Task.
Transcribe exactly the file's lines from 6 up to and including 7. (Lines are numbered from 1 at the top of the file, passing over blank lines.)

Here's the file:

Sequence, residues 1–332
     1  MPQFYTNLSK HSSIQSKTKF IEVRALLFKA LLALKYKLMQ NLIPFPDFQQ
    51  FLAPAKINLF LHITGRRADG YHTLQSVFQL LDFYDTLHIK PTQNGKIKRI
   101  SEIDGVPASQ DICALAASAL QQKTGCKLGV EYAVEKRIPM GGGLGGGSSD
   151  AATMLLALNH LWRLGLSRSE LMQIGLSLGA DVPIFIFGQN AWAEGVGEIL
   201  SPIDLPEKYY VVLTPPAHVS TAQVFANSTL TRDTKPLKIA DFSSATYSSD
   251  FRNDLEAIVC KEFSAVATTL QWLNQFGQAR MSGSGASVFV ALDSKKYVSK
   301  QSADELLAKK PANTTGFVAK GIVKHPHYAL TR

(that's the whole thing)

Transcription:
   201  SPIDLPEKYY VVLTPPAHVS TAQVFANSTL TRDTKPLKIA DFSSATYSSD
   251  FRNDLEAIVC KEFSAVATTL QWLNQFGQAR MSGSGASVFV ALDSKKYVSK